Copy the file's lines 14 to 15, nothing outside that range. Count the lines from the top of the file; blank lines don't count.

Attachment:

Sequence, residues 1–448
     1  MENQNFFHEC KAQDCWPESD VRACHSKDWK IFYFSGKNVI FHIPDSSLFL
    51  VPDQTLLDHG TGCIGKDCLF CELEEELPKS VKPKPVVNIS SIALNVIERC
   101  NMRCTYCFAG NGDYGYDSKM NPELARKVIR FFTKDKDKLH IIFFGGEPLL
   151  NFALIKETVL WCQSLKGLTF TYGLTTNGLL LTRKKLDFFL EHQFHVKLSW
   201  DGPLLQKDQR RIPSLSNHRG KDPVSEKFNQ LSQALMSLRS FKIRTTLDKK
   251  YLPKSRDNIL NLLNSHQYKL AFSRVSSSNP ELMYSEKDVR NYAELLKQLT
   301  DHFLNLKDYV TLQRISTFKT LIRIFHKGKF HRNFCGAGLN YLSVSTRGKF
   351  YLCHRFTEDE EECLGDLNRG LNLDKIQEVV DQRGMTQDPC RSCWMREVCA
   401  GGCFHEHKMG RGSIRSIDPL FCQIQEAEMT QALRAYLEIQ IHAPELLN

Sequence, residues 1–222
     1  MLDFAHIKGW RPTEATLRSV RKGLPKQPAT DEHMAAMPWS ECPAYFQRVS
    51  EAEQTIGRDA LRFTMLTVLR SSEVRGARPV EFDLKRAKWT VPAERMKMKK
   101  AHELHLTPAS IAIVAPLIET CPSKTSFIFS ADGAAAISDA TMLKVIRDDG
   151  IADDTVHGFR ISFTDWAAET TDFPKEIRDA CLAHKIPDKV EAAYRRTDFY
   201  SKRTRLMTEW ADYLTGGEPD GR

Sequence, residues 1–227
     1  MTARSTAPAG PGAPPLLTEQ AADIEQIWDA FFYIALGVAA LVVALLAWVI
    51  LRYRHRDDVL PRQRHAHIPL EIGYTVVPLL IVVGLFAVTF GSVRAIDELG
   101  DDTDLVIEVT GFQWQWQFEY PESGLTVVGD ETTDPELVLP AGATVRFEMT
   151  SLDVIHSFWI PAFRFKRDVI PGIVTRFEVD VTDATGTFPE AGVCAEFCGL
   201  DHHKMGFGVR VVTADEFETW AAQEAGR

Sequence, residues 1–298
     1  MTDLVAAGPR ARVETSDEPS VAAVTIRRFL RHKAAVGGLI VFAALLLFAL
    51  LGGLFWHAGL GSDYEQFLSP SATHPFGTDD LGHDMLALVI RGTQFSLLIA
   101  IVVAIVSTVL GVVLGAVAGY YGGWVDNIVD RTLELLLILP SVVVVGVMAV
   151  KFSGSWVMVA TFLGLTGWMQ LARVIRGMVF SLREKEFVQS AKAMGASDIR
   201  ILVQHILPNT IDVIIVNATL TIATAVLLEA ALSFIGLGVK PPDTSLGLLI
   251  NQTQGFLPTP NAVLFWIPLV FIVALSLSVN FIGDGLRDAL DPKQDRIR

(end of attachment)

   101  AHELHLTPAS IAIVAPLIET CPSKTSFIFS ADGAAAISDA TMLKVIRDDG
   151  IADDTVHGFR ISFTDWAAET TDFPKEIRDA CLAHKIPDKV EAAYRRTDFY